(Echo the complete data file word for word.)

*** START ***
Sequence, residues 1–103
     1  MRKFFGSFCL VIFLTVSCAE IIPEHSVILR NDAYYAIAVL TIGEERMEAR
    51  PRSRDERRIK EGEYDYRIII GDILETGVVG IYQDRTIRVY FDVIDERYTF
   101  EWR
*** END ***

Sequence, residues 1–103
     1  MRKFFGSFCL VIFLTVSCAE IIPEHSVILR NDAYYAIAVL TIGEERMEAR
    51  PRSRDERRIK EGEYDYRIII GDILETGVVG IYQDRTIRVY FDVIDERYTF
   101  EWR